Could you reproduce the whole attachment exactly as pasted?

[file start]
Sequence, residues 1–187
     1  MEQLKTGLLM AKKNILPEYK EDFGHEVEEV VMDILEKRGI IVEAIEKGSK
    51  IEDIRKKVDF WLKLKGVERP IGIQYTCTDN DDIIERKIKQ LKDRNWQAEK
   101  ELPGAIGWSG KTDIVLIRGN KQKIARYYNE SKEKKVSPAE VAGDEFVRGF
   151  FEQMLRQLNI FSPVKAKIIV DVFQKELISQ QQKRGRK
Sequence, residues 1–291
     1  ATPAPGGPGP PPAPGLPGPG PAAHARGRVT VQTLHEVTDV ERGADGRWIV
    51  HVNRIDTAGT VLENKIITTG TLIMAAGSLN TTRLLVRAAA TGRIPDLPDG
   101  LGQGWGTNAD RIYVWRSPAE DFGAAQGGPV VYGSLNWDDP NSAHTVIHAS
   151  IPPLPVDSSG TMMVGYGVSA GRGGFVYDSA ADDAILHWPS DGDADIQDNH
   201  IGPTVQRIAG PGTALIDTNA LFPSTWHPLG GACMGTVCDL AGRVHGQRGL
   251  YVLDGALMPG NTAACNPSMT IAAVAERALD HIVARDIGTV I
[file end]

Sequence, residues 1–187
     1  MEQLKTGLLM AKKNILPEYK EDFGHEVEEV VMDILEKRGI IVEAIEKGSK
    51  IEDIRKKVDF WLKLKGVERP IGIQYTCTDN DDIIERKIKQ LKDRNWQAEK
   101  ELPGAIGWSG KTDIVLIRGN KQKIARYYNE SKEKKVSPAE VAGDEFVRGF
   151  FEQMLRQLNI FSPVKAKIIV DVFQKELISQ QQKRGRK
Sequence, residues 1–291
     1  ATPAPGGPGP PPAPGLPGPG PAAHARGRVT VQTLHEVTDV ERGADGRWIV
    51  HVNRIDTAGT VLENKIITTG TLIMAAGSLN TTRLLVRAAA TGRIPDLPDG
   101  LGQGWGTNAD RIYVWRSPAE DFGAAQGGPV VYGSLNWDDP NSAHTVIHAS
   151  IPPLPVDSSG TMMVGYGVSA GRGGFVYDSA ADDAILHWPS DGDADIQDNH
   201  IGPTVQRIAG PGTALIDTNA LFPSTWHPLG GACMGTVCDL AGRVHGQRGL
   251  YVLDGALMPG NTAACNPSMT IAAVAERALD HIVARDIGTV I